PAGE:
By: Wonder Guchu
Police are investigating arms that went missing from the central depot in Windhoek last week.
Deputy commissioner Kauna Shikwambi confirmed to The Villager that arms are missing, and an investigation is ongoing.
“The Central Depot was not broken into. However, it was discovered that it was open, and there are arms and ammunition missing,” she said on Saturday.
Police sources told The Villager that there could be up to 90 firearms that went missing from the central depot on Wednesday.
According to the sources, the head of the central depot deputy commission Louisa Kafidi, who keeps the keys to the safe, was appointed recently.
In August this year, the Namibian police offered a one-month amnesty to citizens who have unlicensed guns.
Home affairs minister Albert Kawana said the amnesty day is enshrined in the African Union’s agenda for silencing guns in the continent.
Kawana called on all those to surrender unlicensed firearms, armaments or ammunition.
According to Kawana, any person who complied would be exempted from prosecution during September, the amnesty month.
“After the expiry of the amnesty period, the police will show no mercy in apprehending those who are in possession of unlicensed firearms, armaments or ammunition. We will ensure that they are successfully prosecuted, convicted, and imprisoned,” he warned. “Namibia must continue to be a beacon of peace, safety and security. Therefore, the initiative is aimed at achieving this objective.”
Indeed, the citizens heeded this call. In October, Kawana announced that 570 illegal firearms were surrendered to the police during September.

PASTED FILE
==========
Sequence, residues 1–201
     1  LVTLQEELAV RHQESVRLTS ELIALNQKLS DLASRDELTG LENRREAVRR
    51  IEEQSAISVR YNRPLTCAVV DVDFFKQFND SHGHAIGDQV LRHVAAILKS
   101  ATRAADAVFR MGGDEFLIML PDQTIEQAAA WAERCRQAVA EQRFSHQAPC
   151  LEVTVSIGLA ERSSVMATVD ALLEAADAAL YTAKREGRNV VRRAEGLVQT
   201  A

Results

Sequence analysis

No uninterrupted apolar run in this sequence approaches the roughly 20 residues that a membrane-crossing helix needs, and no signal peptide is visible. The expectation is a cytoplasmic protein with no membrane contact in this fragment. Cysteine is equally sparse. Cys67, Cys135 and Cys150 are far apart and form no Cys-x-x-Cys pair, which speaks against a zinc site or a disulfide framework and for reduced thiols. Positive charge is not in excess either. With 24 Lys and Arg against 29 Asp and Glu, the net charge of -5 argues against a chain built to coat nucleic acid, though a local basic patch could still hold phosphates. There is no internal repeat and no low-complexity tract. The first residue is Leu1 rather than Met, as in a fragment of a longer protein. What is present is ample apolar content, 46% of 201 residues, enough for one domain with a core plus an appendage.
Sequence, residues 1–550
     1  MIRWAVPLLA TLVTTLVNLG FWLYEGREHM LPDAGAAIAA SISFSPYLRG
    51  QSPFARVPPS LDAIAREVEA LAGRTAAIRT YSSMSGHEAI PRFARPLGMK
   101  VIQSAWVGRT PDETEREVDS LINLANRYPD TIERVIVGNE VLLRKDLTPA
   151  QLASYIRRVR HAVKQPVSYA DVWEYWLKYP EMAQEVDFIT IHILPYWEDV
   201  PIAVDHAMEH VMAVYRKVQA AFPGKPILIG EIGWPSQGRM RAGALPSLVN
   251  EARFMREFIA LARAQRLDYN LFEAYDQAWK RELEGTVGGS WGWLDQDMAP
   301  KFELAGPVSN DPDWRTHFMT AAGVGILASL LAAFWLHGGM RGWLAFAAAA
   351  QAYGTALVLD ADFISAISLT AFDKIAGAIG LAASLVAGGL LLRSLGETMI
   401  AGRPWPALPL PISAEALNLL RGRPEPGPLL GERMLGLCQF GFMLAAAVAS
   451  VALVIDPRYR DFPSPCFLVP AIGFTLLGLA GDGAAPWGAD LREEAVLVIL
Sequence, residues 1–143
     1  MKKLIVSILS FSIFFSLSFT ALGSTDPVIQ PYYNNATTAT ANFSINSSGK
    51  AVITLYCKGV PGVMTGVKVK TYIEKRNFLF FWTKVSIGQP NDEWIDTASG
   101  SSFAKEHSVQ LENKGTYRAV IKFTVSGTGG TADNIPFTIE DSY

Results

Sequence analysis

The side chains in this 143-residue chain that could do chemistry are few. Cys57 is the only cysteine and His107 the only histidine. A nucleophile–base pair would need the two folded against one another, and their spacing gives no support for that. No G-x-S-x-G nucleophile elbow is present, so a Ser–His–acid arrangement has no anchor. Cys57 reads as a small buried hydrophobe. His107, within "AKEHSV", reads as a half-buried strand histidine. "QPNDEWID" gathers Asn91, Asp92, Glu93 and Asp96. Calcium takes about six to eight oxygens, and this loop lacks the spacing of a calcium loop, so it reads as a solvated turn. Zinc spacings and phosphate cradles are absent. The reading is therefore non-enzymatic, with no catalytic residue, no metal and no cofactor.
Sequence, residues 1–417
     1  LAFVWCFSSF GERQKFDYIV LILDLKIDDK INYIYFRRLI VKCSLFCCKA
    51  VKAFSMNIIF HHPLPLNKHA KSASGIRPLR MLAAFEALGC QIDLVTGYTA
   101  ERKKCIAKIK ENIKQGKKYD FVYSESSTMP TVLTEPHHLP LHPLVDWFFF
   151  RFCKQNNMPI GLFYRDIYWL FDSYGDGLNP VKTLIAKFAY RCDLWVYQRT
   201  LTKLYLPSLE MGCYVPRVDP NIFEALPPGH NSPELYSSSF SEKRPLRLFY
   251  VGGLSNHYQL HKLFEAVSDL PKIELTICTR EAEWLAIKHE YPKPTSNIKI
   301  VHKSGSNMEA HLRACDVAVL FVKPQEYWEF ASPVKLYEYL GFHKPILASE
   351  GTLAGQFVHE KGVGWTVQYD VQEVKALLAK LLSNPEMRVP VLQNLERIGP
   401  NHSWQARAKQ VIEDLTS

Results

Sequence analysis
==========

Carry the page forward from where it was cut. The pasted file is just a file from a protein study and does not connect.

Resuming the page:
Of the 570 guns, Omusati Region brought in the highest number of 135 illegal firearms, while Khomas had 111, and Oshana with 88. The police also collected 24,334 ammunition.
The African Union came up with the idea of the gun amnesty month during the Extraordinary session of the African Union Assembly of the Heads of State and Government held in Johannesburg, South Africa, on 6 December 2020
The session recommitted implementing the AU Master Roadmap of practical steps for Silencing the Guns in Africa by 2020, extending the African Amnesty month for another period of 10 years with a review after every two years.
Police Inspector general Sebastian Ndeitunga is on record saying that Namibia is committed to fully implementing the vision and aspirations of the AU Agenda 2063.
Home affairs deputy minister Daniel Kashikola told the National Assembly in 2009 that there were more than 200 000 firearms in civilian hands in Namibia.
Kashikola said, when he introduced and motivated the Arms and Ammunition Bill amendment, that cases of stolen or lost firearms have increased at an alarming rate, with 80 per cent of those reported stolen or lost.
The deputy minister said the number was high because of the mechanism of firearms control, particularly the applications for a licence to possess firearms.
“To be specific, the Performance Audit Report on the issuance and control of firearm licences in Namibia presented by Auditor General to Parliament recommended to our ministry to develop a policy to determine the competency and fitness level of firearm owners before the insurance of licences, a subject which can no longer be prolonged,” he said.
According to Kashikola, in the third quarter of 2018/19, the deputy minister said the ministry dealt with 4 870 applications to possess firearms, a slight decrease compared to 2017/18, which was 5 424.
“It was observed with concern that 50 per cent of the applications were for handguns (pistol and revolvers) with the justification for the demand of handguns being self-defence,” Kashikola said.